When you have to drive 45 minutes one way to the nearest hardware store today for not having a needed screw, bolt, nut, et cetera, it is an inconvenience. In a post-TEOTWAWKI world, not having that same needed screw, bolt, nut, et cetera can be life threatening.

TEOTWAWKI preppers need to develop the knack of recognizing that the most minuscule logistical need can have life threatening impacts on their life in a new post-TEOTWAWKI world. One only needs to read the age old “For the want of a horseshoe nail” nursery rhyme to see that something as simple as not having a nail can have dire consequences.

Tomorrow, we will continue with questions three and four and wrap up this two-part article.

See Also:

SurvivalBlog Writing Contest

This has been part one of a two part entry for Round 77 of the SurvivalBlog non-fiction writing contest. The nearly $11,000 worth of prizes for this round include:

First Prize:

  1. A $3000 gift certificate towards a Sol-Ark Solar Generator from Veteran owned Portable Solar LLC. The only EMP Hardened Solar Generator System available to the public.
  2. A Gunsite Academy Three Day Course Certificate. This can be used for any one, two, or three day course (a $1,095 value),
  3. A course certificate from onPoint Tactical for the prize winner’s choice of three-day civilian courses, excluding those restricted for military or government teams. Three day onPoint courses normally cost $795,
  4. DRD Tactical is providing a 5.56 NATO QD Billet upper. These have hammer forged, chrome-lined barrels and a hard case, to go with your own AR lower. It will allow any standard AR-type rifle to have a quick change barrel. This can be assembled in less than one minute without the use of any tools. It also provides a compact carry capability in a hard case or in 3-day pack (an $1,100 value),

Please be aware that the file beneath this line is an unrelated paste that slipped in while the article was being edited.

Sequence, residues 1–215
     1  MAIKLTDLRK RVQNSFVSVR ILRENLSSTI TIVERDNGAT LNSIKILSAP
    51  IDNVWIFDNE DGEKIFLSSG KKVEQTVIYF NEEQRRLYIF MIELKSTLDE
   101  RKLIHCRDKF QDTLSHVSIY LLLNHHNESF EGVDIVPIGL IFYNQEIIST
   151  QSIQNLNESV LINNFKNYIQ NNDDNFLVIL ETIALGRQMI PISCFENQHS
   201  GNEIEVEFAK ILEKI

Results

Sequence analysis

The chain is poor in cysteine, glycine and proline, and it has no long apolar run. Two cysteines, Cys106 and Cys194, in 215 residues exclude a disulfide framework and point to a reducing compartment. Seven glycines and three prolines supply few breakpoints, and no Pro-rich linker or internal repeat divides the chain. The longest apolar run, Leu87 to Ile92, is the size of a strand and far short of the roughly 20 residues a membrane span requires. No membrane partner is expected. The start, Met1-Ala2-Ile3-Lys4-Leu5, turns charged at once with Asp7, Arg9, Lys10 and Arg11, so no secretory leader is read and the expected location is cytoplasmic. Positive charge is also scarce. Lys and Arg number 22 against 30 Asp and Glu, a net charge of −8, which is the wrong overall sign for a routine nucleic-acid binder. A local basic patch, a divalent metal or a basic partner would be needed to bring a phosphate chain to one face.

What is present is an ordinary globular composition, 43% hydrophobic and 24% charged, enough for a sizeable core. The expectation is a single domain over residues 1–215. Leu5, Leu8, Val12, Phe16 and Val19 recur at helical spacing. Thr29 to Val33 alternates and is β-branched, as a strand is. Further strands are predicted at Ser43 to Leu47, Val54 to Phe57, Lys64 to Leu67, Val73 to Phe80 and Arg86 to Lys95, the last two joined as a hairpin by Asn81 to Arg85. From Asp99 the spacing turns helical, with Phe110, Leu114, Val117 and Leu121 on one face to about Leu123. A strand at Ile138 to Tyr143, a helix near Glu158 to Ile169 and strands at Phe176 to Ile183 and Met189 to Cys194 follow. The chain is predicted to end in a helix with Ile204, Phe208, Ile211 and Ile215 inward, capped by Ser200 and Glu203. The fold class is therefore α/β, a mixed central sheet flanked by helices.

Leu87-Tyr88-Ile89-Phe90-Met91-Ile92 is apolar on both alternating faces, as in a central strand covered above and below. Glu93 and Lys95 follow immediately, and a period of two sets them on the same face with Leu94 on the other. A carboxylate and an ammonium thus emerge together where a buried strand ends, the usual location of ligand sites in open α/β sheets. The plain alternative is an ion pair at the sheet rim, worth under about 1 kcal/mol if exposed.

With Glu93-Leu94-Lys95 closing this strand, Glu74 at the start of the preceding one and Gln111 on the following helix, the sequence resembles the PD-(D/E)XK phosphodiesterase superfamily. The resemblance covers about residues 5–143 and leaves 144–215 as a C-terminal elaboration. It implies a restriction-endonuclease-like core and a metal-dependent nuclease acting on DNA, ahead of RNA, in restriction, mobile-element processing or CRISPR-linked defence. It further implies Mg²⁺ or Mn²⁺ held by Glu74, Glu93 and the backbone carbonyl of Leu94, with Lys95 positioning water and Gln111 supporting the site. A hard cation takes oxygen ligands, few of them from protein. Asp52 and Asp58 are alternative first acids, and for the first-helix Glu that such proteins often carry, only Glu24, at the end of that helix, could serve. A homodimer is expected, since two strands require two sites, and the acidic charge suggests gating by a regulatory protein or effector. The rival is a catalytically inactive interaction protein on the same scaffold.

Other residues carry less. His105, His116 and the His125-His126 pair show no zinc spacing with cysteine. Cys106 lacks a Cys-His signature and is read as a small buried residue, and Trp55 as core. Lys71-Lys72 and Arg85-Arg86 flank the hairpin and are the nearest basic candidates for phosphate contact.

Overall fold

5. Two cases of Mountain House freeze-dried assorted entrees in #10 cans, courtesy of Ready Made Resources (a $350 value),
  6. A $250 gift certificate good for any product from Sunflower Ammo,
  7. Two cases of Meals, Ready to Eat (MREs), courtesy of CampingSurvival.com (a $180 value), and
  8. American Gunsmithing Institute (AGI) is providing a $300 certificate good towards any of their DVD training courses.

Second Prize:

  1. A Model 175 Series Solar Generator provided by Quantum Harvest LLC (a $439 value),
  2. A Glock form factor SIRT laser training pistol and a SIRT AR-15/M4 Laser Training Bolt, courtesy of Next Level Training, which have a combined retail value of $589,
  3. A gift certificate for any two or three-day class from Max Velocity Tactical (a $600 value),
  4. A transferable certificate for a two-day Ultimate Bug Out Course from Florida Firearms Training (a $400 value),
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  7. RepackBox is providing a $300 gift certificate to their site.

Third Prize:

  1. A Royal Berkey water filter, courtesy of Directive 21 (a $275 value),
  2. A large handmade clothes drying rack, a washboard, and a Homesteading for Beginners DVD, all courtesy of The Homestead Store, with a combined value of $206,
  3. Expanded sets of both washable feminine pads and liners, donated by Naturally Cozy (a $185 retail value),
  4. Two Super Survival Pack seed collections, a $150 value, courtesy of Seed for Security, LLC,
  5. Mayflower Trading is donating a $200 gift certificate for homesteading appliances, and
  6. Two 1,000-foot spools of full mil-spec U.S.-made 750 paracord (in-stock colors only) from www.TOUGHGRID.com (a $240 value).

Round 77 ends on July 31st, so get busy writing and e-mail us your entry. Remember that there is a 1,500-word minimum, and that articles on practical “how to” skills for survival have an advantage in the judging.




21 Comments

  1. This is a great start to an article. You define things well and I like how you ask questions to demonstrate that you are thinking critically. Have you considered how and what food you store in relation to the seasons and food available through hunting, fishing, forging?